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Discussion Starter · #1 ·
I have a 3# package coming soon and I want to start them on SC starter strips. The bees are not regressed so will the natural comb they draw be 4.6 to 4.9 mm?

Thanks,
Neubee
 

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That will depend on things beyond your control, like if they were on 5.4mm wax or typical plastic or 5.2mm Peirco. If they were on 5.2mm Pierco you might get some 4.9mm. If they were on 5.4mm you'll probably bet about 5.1mm. It also probably varies some by genetics. Some bees build nicer more consistent comb than others and some take to 4.9mm more quickly. But it will also vary from top to bottom and from the first to the last and from worker brood comb to honey storage.
 

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Discussion Starter · #4 ·
Thanks for the info. We'll see how the bees do. I jut hope they don't mees it up too bad.

Thanks,
Neubee
 

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I did starter strips and I wouldn't do it again. I'd do full sheets to start. On the plus side, the second time around, they drew four beautiful brood combs (with some drone comb), and three more wild combs. With time and repetition, I'll eventually get fully drawn comb. As for the wild comb, it's stacked on a plate, I'm going to tie it in this weekend. Foundation would have been so much easier.
 

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Discussion Starter · #6 ·
I would like to use full frames off SC but the deep frames I have for the new hive have grooved top bars and flat bottom bars. Could I use support pins to hold the foundation in place or would it still sag?

Neubee
 

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>Foundation would have been so much easier.

Some bees draw beautifully on starter strips. Some don't. Some won't draw on foundation, they just build their own in between.


I've had a lot of messed up comb over the years. Most of it was on (or off) foundation. Some of it was from foundationless or top bars. They aren't tame bees.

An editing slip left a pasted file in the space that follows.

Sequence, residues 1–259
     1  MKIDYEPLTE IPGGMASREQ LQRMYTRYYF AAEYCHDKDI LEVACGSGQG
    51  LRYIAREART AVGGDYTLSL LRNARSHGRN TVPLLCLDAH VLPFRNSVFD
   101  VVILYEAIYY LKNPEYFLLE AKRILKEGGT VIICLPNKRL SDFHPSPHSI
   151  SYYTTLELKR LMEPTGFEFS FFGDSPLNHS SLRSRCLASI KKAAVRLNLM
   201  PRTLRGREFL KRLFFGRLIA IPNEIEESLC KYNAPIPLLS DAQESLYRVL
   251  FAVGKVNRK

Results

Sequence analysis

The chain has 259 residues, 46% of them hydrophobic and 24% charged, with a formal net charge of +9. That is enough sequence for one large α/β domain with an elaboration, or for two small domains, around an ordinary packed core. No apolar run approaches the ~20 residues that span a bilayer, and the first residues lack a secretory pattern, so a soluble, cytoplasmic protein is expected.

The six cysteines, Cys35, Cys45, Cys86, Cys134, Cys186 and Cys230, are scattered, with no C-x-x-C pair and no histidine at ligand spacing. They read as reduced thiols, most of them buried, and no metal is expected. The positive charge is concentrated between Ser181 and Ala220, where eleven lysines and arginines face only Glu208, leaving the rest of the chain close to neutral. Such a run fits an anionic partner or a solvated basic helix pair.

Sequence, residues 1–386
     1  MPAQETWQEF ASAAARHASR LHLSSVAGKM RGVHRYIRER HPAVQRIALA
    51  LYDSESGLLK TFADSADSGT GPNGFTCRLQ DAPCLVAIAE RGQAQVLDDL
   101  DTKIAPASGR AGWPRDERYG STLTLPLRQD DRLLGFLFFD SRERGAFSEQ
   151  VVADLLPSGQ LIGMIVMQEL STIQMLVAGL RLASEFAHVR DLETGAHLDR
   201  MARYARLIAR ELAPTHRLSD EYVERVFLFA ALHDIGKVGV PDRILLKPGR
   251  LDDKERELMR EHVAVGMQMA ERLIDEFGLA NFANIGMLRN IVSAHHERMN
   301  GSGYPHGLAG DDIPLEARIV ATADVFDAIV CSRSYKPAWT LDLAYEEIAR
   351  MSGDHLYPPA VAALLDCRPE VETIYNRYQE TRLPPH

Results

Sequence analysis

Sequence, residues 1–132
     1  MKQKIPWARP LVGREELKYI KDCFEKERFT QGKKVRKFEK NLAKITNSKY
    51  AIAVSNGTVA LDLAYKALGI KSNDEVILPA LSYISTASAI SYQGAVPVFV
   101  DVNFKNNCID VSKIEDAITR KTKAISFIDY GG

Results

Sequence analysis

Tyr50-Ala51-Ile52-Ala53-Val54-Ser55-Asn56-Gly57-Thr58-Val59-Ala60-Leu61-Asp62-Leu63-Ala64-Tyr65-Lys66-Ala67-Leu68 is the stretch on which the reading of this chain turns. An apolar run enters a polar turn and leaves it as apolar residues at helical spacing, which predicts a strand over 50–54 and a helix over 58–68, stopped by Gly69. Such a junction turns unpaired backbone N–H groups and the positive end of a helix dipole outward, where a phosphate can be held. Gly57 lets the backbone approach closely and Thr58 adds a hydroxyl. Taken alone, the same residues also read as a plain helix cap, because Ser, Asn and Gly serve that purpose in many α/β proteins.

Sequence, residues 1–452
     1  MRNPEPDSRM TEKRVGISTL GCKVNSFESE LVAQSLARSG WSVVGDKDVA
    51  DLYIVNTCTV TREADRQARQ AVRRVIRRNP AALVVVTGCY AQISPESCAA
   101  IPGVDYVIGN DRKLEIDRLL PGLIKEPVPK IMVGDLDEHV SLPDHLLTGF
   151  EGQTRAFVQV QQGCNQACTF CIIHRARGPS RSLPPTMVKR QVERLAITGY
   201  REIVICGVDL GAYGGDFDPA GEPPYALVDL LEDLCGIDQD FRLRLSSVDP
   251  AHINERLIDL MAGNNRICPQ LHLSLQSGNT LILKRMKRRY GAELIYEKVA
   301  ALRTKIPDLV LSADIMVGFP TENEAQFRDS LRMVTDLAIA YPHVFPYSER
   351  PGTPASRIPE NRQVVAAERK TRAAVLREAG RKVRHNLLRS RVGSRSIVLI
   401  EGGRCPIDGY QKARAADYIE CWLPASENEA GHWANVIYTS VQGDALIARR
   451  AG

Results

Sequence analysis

>I would like to use full frames off SC but the deep frames I have for the new hive have grooved top bars and flat bottom bars. Could I use support pins to hold the foundation in place or would it still sag?

The pins will not stop it from sagging. Actually NOTHING will stop it from sagging eventually. But if you get the bees to draw it quickly enough it won't sag. I would wax it into the grooved top bars. I'd buy a wax tube fastener, but you could use the runoff from a beeswax candle.

The pins will help keep the sides a bit straighter.
 

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Discussion Starter · #8 ·
I have a wax tube coming soon, but I'll have to order some pins.

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Neubee
 

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Discussion Starter · #12 ·
I just ordered a hand embedder so I hope I didn't get the wrong thing.

Neubee
 

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>so is drawing small cell have to do with genetics too? Nick

I think there is a genetic component to anything. Some bees draw a lot of burr and some don't. Some drawn uniform cells, and some draw a lot of different sizes. All of the bees I've tried to regress drew smaller cells than the 5.4mm foundation for worker brood, but not all of them went as small or as fast. Is it possible that some where on Pierco and therefore already partially regressed? I don't know.

>Electrically? Will a hand embedder not work?

Everything is a matter of degree and time. The hand embedder will stick somewhat where the electrical will stick better. If the comb gets drawn quickly it won't matter. If it sets a while before it gets drawn it might matter.
 

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Discussion Starter · #19 ·
Thanks alot for all the help. I'll let you know how it goes.

Neubee
 

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Some recommend using two embedders by alternating each one and placing the unsused one in hot water. Just using them 'cold' on room temperature, say 70 degrees or so, wax seems to work ok, though. You will, of course, need to have the wax laying on a smooth flat piece of wood when you press the wire into the wax with the imbedder.

[ April 28, 2006, 07:18 PM: Message edited by: Dick Allen ]
 
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